From Walking to Gardening: 6 Hobbies to Improve Your Health
For most of us, hobbies are an essential component of our personal lives, but did you know that they can also be beneficial for our physical and emotional health? Everything from walking and yoga to gardening work to boost mood and keep our bodies ticking over. So whether you’re looking to take up a new hobby, or are looking for ways to make your pastimes more beneficial to your health, this guide will tell you everything you need to know. Here are six hobbies to improve your health.
According to the American Society for Horticultural Science, gardening earns its stripes as ‘moderate cardiovascular exercise’.i To reap the fruits (and veg) of gardening, try dedicating 30 minutes to every session, and ensure each activity – be it digging, raking or planting – lasts around 8 minutes. For an all-over body workout, pepper time spent in the garden with good amounts of digging, planting, weeding and mowing. Don’t forget to vary your tasks in order to exercise different muscle groups, too.
Green spaces are delightful environments to exercise both your body and mind. Connecting with nature is also medicine for the soul, boasting countless emotional health benefits, such as supporting the reduction of anxiety stress, and boosting mood and creativity. Nothing beats the pride of growing your own plants, does it?
Running is the king of cardio. It burns calories, improves muscle tone, cultivates a healthy heart and strengthens bones. But it isn’t only a great support for your physical health, it’s also great fuel for your mood. When you run, your brain releases feel-good hormones, endorphins, which can fight feelings of anxiety and stress, giving you that all important “Runner’s high”. Best of all, it’s free to do and you can start right now, so grab your trainers, put one foot in front of the other, and start chasing those remarkable benefits.
Swimming can transform your cardio prowess, mould your muscles and slash everyday stress. If you’re looking for the ultimate hobby that tones, conditions and trims, it’s time to suit up and dive in. What’s more, swimming doesn’t just tone your arms and sculpt your back; it’s also a joint-friendly exercise that burns a ton of calories. As you swim, try using a variety of strokes to engage different muscle groups: front crawl, butterfly, breaststroke or back crawl. Even better: start punctuating every couple of lengths with 25m-50m of faster swimming. Submerging yourself in the water can also have mood-enhancing benefits too. Thanks to the exercise-induced endorphins it releases, swimming helps bring on feelings of calm and serenity.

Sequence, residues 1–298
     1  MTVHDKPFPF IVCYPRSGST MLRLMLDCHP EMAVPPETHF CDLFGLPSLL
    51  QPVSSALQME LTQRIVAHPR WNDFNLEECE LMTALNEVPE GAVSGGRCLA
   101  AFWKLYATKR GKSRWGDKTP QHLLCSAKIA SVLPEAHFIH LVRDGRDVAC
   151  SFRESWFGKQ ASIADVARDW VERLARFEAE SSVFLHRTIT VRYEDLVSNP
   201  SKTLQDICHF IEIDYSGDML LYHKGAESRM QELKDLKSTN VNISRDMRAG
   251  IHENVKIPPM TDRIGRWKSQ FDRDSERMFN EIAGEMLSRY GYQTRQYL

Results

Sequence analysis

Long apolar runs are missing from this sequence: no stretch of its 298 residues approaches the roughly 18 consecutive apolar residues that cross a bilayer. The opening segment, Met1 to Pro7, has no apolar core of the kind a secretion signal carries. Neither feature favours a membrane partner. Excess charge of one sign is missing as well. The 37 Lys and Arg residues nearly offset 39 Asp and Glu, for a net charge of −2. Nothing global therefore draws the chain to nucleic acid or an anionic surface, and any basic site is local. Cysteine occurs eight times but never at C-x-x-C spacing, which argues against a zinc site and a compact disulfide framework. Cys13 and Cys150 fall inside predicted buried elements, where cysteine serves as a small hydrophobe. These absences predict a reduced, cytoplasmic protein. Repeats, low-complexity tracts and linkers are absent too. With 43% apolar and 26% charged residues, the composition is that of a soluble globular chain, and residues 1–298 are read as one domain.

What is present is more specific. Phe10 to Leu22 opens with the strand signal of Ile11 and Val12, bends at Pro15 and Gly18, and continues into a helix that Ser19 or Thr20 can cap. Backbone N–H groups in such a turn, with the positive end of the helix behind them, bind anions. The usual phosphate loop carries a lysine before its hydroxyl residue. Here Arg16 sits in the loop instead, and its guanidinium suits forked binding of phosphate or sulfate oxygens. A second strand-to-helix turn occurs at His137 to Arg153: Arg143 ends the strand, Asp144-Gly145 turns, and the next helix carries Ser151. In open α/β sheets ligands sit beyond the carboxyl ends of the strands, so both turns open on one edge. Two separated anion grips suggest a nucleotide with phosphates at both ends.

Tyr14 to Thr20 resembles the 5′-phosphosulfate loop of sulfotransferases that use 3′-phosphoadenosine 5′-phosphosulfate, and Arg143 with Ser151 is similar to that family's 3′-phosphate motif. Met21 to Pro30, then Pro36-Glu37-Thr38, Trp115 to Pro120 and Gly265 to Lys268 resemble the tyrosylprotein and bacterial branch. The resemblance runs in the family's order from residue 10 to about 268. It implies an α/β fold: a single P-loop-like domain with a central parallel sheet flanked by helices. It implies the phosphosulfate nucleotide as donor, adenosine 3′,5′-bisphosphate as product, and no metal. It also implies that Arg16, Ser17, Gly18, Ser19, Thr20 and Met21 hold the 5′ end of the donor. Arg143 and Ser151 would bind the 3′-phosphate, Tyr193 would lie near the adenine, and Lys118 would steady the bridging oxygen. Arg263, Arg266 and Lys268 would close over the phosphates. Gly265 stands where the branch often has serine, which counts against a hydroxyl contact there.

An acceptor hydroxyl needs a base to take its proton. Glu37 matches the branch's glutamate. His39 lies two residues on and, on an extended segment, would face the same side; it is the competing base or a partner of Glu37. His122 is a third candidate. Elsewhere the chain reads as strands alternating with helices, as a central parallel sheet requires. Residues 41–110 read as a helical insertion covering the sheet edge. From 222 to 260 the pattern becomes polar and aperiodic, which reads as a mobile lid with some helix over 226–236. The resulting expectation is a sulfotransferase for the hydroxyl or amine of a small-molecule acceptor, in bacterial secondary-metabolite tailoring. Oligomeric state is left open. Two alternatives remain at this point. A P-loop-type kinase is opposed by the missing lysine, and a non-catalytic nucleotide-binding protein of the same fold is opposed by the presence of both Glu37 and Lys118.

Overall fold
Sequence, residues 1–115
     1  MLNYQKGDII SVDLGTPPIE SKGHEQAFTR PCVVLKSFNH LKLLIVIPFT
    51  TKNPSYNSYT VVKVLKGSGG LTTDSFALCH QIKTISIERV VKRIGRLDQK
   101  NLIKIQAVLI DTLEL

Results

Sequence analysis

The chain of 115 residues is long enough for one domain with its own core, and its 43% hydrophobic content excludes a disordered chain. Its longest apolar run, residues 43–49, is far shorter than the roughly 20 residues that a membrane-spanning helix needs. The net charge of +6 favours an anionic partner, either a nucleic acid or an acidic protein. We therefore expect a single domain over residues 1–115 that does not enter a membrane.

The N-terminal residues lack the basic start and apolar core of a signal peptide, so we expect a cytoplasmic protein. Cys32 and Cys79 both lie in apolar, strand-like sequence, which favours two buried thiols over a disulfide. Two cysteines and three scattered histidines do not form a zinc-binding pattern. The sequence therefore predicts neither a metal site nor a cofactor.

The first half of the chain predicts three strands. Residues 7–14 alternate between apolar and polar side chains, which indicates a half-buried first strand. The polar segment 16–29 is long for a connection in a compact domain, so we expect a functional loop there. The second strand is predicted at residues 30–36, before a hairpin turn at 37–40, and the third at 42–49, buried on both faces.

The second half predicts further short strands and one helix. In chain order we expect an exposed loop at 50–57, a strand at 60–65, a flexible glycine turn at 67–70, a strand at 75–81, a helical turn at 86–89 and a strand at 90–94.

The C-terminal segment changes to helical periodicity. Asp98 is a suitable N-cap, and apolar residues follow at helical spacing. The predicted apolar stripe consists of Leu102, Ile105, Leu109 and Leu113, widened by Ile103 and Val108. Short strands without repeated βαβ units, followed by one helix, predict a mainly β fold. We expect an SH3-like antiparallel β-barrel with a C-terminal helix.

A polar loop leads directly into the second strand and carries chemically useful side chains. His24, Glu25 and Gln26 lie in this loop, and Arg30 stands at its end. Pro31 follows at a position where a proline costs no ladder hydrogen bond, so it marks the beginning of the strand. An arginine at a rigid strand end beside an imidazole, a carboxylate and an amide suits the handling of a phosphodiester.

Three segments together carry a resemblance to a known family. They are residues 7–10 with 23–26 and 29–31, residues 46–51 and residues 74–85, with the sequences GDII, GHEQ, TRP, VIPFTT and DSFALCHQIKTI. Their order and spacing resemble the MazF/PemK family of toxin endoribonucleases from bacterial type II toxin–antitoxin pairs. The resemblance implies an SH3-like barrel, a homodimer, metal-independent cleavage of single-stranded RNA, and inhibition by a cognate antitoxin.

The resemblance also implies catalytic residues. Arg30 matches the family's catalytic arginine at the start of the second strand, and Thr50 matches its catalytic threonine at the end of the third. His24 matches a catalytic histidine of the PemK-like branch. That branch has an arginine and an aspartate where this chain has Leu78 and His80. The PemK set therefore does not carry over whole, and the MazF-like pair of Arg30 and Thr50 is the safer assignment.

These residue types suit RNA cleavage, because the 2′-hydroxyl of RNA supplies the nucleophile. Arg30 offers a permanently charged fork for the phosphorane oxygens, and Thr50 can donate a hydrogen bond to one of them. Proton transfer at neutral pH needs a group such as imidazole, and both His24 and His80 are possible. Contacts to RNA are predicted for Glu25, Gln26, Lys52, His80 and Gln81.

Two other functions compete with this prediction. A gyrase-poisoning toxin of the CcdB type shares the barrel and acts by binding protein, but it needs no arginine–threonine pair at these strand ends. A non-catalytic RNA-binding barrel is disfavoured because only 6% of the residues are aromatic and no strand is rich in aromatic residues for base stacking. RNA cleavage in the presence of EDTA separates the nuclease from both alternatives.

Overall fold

Tennis has been coined ‘the sport for a lifetime’ – and with good reason. From better hand-eye coordination and tactical thinking, to reduced stress and improved heart and lung function, this hobby delivers on every front. Careful not to get tennis elbow though. According to physician Ralph Paffenbarger, who studied 10,000 people over 20 years, those who participate in 3 hours of tennis per week could reduce their risk of experiencing stroke.ii As with any hobby, becoming good takes practice. If you really want to get your game in full swing, tennis lessons and courses are brilliant options. To support your performance on the court, hydration is vital, so sip on sports drinks to replenish water and electrolytes lost through sweat. The real appeal of tennis is that it doesn’t have a shelf life either. You can enjoy it at any age – be that 6 or 60.